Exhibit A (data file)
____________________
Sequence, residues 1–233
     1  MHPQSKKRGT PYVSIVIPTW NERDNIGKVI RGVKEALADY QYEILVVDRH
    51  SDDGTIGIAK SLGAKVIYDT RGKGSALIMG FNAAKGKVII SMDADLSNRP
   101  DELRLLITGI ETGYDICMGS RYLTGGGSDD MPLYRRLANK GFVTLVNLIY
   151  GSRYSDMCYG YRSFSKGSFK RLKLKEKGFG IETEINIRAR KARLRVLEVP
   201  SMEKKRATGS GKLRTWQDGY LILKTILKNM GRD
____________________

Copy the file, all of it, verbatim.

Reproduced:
Sequence, residues 1–233
     1  MHPQSKKRGT PYVSIVIPTW NERDNIGKVI RGVKEALADY QYEILVVDRH
    51  SDDGTIGIAK SLGAKVIYDT RGKGSALIMG FNAAKGKVII SMDADLSNRP
   101  DELRLLITGI ETGYDICMGS RYLTGGGSDD MPLYRRLANK GFVTLVNLIY
   151  GSRYSDMCYG YRSFSKGSFK RLKLKEKGFG IETEINIRAR KARLRVLEVP
   201  SMEKKRATGS GKLRTWQDGY LILKTILKNM GRD